Overall, for a cake that required the use of a measuring tape, this wasn’t as complicated to make as I thought it would be. It was also really interesting to make something that looked so similar to a modern day favourite, but with just enough differences to make it slightly unfamiliar – it was like looking at another piece of a puzzle you thought you’d already completed.
In the end I have to take back my earlier, snarky comments about this being a wedding present. I don’t know how Princess Victoria might have felt upon receiving a cake celebrating her husband and his eight brothers on her wedding day, but if it had been me I wouldn’t have cared at all – as long as I didn’t have to share it with them.
225g plain flour
225g caster sugar
Red food colouring
For the marzipan:
1 egg white
280g icing sugar
140g ground almonds
Dessert spoon of maraschino
For the apricot glace:
150g apricot jam
Dessert spoon of water
- Preheat the oven to 180 degrees C.
- In a bowl, mix butter and lemon peel until smooth and white.
- Add the sugar and beat well.
- Add the eggs, baking powder and flour, a little at a time, and incorporate.
- Add 8 drops of almond essence and mix.
- Divide the batter into two halves. Leave one half plain and colour the other half red with a few drops of food colouring.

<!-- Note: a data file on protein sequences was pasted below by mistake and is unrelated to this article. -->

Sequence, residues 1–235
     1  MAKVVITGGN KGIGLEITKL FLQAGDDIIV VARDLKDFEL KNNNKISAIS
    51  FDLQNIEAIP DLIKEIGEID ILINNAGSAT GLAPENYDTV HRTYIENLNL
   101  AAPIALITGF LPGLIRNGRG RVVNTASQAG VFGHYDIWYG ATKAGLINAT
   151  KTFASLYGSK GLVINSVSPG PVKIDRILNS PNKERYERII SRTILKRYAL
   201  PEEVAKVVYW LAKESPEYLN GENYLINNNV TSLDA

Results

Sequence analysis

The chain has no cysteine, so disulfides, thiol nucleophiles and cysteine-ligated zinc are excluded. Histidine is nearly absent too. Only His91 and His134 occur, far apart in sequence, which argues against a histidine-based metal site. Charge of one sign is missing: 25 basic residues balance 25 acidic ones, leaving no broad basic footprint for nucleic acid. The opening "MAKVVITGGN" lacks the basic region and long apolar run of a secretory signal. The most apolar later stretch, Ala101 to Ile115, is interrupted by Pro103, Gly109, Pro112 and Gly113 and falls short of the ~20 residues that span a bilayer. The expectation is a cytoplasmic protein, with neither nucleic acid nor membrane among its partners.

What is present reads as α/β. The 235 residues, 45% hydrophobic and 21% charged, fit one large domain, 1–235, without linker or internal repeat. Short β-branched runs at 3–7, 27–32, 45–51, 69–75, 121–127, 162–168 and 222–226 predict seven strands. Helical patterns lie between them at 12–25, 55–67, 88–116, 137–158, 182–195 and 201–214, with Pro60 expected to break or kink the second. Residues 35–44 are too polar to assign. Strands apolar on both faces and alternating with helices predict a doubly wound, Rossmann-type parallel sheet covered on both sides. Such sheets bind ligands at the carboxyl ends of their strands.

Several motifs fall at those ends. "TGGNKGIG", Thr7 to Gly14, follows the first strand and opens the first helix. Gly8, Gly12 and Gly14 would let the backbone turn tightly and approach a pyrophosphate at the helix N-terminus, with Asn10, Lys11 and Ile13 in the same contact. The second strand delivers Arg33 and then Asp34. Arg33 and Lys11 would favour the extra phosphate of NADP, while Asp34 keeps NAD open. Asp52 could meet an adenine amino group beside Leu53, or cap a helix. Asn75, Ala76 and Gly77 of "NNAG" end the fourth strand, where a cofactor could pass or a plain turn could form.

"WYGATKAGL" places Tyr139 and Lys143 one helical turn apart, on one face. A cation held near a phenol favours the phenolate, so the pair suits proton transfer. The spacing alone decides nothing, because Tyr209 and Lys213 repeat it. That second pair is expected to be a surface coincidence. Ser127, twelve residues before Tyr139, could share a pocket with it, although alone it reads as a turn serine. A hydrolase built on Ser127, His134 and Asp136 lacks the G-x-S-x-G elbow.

- Portion the batter into two small baking trays (I used 25x17cm) and bake for 15-20 minutes.
- Place the ingredients for the marzipan into a blender and blend until they form a stiff paste.
- Place the marzipan into the fridge to firm up.
- Once the cakes are baked, allow them to cool and the slice them into rectangles 6x1inch. You need 5 white and 4 red.
- Heat the apricot jam with the sugar and water and when it is dissolved, push the mixture through a sieve.
- Roll the marzipan out into a sheet about 1cm thick and brush a little apricot glace onto the centre of it.
- Arrange the first layer of cake on top of the apricot glazed marzipan: white, red, white.
- Brush the sides and top of the cake layer with apricot glace and arrange the second layer: red, white, red.
- Brush the sides and top of the cake layer with apricot glace and arrange the second layer: white, red, white.
- Brush the sides and top and then roll the marzipan up over the cake layers, smoothing it down at the sides until it covers the cake.
- Flip the cake over so that the marzipan join is hidden along the bottom and trim off the excess marzipan.
- Dust with icing sugar and serve with a cup of tea.